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Sep
21
2017

Cat Flea Allergy Symptoms & Management

Fleas are annoying pests that bite our pets (and us in some cases), feeding on blood. They carry diseases and the saliva in their bites often leads to a cat flea allergy symptoms developing. An allergy to flea bites causes Flea Allergy Dermatitis (FAD). This is a fancy term for the skin problems resulting from the allergic reaction to flea saliva.

Cats, dogs, and humans can all react, but the way it shows up on the skin looks different. The hallmark in all of them is that it creates a very itchy cat or dog. FAD is the most common skin disease in pets in the world.

Don’t assume your cat can’t have fleas because you live in a high-rise apartment and your kitty has never touched a paw on grass. Fleas have a way of hitchhiking on humans to reach your kitty inside. Anyone can have fleas in their home!

Incidence of Flea Allergies in Cats

It is estimated that up to 50% of the cats with fleas will develop a cat flea allergy. If cats are not allergic, they may only scratch slightly even if they have many fleas. The amount of scratching does not indicate how many fleas a cat has. If the cat is allergic, one flea bite can cause enough itchiness to make the cat scratch constantly.

Cat Allergy Symptoms

The most common cat allergy symptoms are intense itching, scratching, and/or licking. These cats will scratch and lick themselves excessively. Some cats seem to prefer to do it in private, though, and you won’t see them doing it. Because of the excessive grooming, they may have more hairballs than usual.

Cat flea allergy is the most common cause for itchiness, scaling, and crusting sores on cats. However, many other conditions can cause similar looking skin problems. Flea allergy dermatitis can also appear in different ways on the skin and none is specific just to FAD. 

The most common presentation of cat flea allergy is called miliary dermatitis. These are small crusty bumps on the skin. They are most common on the back and neck, but may be in other areas as well. The bumps tend to be small and you feel them easier than you see them. If the cat is scratching at them a lot, they can become infected or get larger. However, infection is not common in cats.

Some cats just appear to be losing fur and have thin or bald areas. There may also be sores on the skin, but not always.

In severe cases of flea allergies in cats, some may develop a form of feline eosinophilic granuloma complex. These are often thickened, moist, inflamed, and bare areas. They can look nasty and are often itchy when they are on the underside of the cat

They can also occur on the upper lip, sometimes just on one side. This form is often not itchy or painful. Lesions can also be inside the mouth. The condition can also cause a swollen lower lip or chin that also doesn’t seem to bother the cat.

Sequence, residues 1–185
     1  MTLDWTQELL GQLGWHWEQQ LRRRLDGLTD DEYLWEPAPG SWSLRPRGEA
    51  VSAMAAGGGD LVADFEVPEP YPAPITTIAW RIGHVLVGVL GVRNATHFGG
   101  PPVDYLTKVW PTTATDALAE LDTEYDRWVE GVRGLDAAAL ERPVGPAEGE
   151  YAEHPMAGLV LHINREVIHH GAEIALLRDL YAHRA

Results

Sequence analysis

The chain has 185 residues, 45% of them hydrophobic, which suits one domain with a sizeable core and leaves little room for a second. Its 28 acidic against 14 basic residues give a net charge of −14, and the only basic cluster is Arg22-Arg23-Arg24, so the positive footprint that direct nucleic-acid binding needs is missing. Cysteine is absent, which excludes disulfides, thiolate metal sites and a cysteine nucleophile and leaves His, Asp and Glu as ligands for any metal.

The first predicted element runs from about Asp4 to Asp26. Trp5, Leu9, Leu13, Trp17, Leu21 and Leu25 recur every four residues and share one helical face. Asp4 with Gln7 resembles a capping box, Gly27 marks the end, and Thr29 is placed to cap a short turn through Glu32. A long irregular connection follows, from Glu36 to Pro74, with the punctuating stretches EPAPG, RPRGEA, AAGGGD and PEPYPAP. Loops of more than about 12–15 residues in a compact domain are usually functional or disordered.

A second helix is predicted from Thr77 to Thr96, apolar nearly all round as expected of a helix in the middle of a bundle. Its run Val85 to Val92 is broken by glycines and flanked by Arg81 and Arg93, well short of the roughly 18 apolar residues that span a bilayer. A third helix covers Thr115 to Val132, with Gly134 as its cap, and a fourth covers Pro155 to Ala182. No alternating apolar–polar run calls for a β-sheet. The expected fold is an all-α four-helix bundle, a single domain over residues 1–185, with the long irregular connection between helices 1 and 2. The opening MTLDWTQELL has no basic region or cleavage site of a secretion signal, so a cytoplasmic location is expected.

Although miliary dermatitis is the most common skin reaction seen in cats with flea bite allergies, any of these presentations can occur. Other conditions can also cause all of these same skin reactions. This means you can’t look at the skin and say, “Your cat has a flea allergy!”.  FAD is just one possibility.

Diagnosing Flea Allergies in Cats

Diagnosing cat flea allergy is easier if you find fleas or flea dirt, but, too often, you don’t find them on an allergic cat. The cat is grooming them off so rapidly, you don’t find any evidence. The diagnosis may be made by seeing how the cat responds to appropriate treatment.

Often the biggest challenge veterinarians have is convincing the cat parent that fleas can be the problem. Fleas aren’t seen so it’s difficult to believe they are there.  Just one flea can cause intense itching for up to 3 months. 

The cat parent may also be treating the cat for fleas, however, not all flea prevention works 100%, and they kill the flea in different ways.  Some repel, some kill on contact, and some the flea must bite.

To complicate things further, your cat may have other allergies or conditions that also cause itchy skin. In these cases, you may need to treat for fleas and see how much relief your cat has. If you still have an itchy cat, you will need to look for other causes.

Treatment

The mainstay of cat flea allergy treatment is to control fleas well. You need to treat for three months to get fleas completely under control and to stop the allergic reactions. You should use one of the newer flea products that are more effective. 

Treat all pets in the house and treat the house to reduce the number of immature stages. Your veterinarian can give you medicine to help your cat be more comfortable while you are working on the fleas. 

Summary

Having a cat flea allergy problem will surely make your kitty miserable. Because it can be difficult to diagnose, you should assume every itchy cat has fleas and treat them appropriately. On the one hand, once you get rid of the fleas, the problem is solved.

However, on the other hand, it’s a lot of work, time, and expense to get rid of the fleas. Keep at it so you get the fleas under control as quickly as possible so your cat is comfortable. Then continue treating your cat year-round so that he never has to go through it again.

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